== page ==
Every now and then a tool pops up that revolutionizes the way you work (or some aspect of it), and after a while you’re thinking “How did I ever manage without this before?”.
I recently bought this plugin by Sample Magic called Magic AB. This plugin has been nothing short of a revelation for me.
This post is more an introduction rather than a review, because truthfully it’s a very straightforward plugin to use and works like a charm. (And just so you know, I am not affiliated with Sample Magic in any way. I just wanted to let you know about this tool.)
The Magic of Referencing
The Sample Magic Magic AB is built around a simple, but ingenious idea. You load the plugin (VST/AU/RTAS/AAX) directly to the master channel inside your DAW. Within the plugin there are 9 slots for loading up reference tracks. Once you have a reference track loaded and playing, you can quickly switch between your reference track and the mix you are working on. You just hit play in your DAW as you normally would, and use the A/B buttons in the plugin to switch between sources.
Here’s how it looks like:
Just this simple A/B functionality alone would have been enough for me to buy this plugin. But they’ve packed in some other features that make this a killer product:
- You can load up 9 reference tracks at a time, and you can save different sets and recall them very quickly from the preset menu.
- You can save your favorite reference tracks as a default preset so that they are ready to go as soon as you load the plugin. Sweet.
- Zoomable waveform display and loop controls.
- Peak and RMS level meters for both A and B tracks.
- Toggle action for A/B buttons (you can keep clicking on either button and it switches between sources). This is great for when you want to close your eyes and focus on listening.
There is even a mini A/B mode for saving screen space. I also found it useful for when you just want to focus on listening and not get distracted by looking at waveforms or the interface.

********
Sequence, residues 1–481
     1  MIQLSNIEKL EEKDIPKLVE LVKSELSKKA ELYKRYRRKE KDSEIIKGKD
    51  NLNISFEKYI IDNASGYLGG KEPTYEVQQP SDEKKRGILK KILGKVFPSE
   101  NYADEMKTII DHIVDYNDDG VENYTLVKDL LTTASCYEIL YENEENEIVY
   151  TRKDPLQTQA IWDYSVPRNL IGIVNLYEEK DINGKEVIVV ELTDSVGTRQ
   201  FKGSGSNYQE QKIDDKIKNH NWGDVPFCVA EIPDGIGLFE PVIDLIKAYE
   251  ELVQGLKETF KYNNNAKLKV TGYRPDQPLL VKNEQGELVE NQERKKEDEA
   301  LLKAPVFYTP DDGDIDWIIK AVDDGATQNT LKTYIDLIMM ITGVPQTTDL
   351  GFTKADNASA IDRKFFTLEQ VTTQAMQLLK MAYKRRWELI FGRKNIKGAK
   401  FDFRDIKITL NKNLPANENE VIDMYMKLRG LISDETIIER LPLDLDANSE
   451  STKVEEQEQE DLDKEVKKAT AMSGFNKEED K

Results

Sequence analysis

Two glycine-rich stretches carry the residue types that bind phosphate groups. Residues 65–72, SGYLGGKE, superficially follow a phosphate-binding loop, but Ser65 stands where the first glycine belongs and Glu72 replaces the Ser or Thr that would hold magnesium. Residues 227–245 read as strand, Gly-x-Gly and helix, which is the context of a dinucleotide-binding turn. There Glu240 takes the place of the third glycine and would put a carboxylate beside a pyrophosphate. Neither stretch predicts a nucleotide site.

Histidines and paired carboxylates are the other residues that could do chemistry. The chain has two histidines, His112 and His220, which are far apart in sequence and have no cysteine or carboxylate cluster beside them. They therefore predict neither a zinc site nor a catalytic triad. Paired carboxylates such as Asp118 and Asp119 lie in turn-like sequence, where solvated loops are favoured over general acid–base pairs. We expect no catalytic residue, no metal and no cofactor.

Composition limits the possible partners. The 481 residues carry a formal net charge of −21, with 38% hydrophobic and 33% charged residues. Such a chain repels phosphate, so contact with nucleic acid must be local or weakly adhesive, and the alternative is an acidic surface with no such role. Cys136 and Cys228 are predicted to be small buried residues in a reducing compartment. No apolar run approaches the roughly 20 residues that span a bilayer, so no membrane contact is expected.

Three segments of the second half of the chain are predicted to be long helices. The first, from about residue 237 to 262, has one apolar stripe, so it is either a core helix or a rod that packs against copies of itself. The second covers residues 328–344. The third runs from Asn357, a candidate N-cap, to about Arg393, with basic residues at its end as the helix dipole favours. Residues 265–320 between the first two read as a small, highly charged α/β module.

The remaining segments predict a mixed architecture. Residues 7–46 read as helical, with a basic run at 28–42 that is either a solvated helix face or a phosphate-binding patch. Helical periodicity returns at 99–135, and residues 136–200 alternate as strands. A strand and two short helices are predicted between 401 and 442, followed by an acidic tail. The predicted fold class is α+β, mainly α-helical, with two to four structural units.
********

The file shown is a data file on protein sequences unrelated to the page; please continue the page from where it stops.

I used to have a reference music playlist in iTunes and I would hop in there to play something, then hop back to the DAW to compare. Sometimes I would load up reference tracks directly into the DAW as audio tracks. But this little plugin just beats both methods in so many ways. Very very useful and I can honestly say: Because it is so quick and easy to use I am doing a lot more of referencing, which has improved the quality of my mixdowns. Perhaps even more importantly, I also now have more confidence in my mixes holding up against competition. That’s huge.
Tip: I like to use a spectrum analyzer and a loudness meter after Magic AB in the chain, especially in a mastering situation when I want to get really precise. It’s very cool to flick between A/B and see the differences.
There’s no hard critique towards this plugin that I can think of, but I do have some feature requests:
- I would love to see an automatic RMS level matching option in a future version. Because level matching plays a crucial role in referencing (always remember that).
- The peak/RMS metering is great to have, but the meters are quite small. I’d love to have nice big metering to see things really precisely (and then possibly support for a few different metering standards for the folks who need that).
- It would be nice to have the ability to rename reference tracks in their slots. Because the artist name usually comes first in the file names and then you just see that instead of the actual track name. And if you have several tracks by the same artist, it gets confusing. I know I could rename the files itself on my drive, but that goes against the whole ease of use of the plugin which I love. Wouldn’t it be nice to be able to give nicknames to your reference tracks?
Sample Magic, if you’re reading this… How about it?
The plugin sells for £34.90 at the time of writing this. Check it out, here’s a link to the Sample Magic website.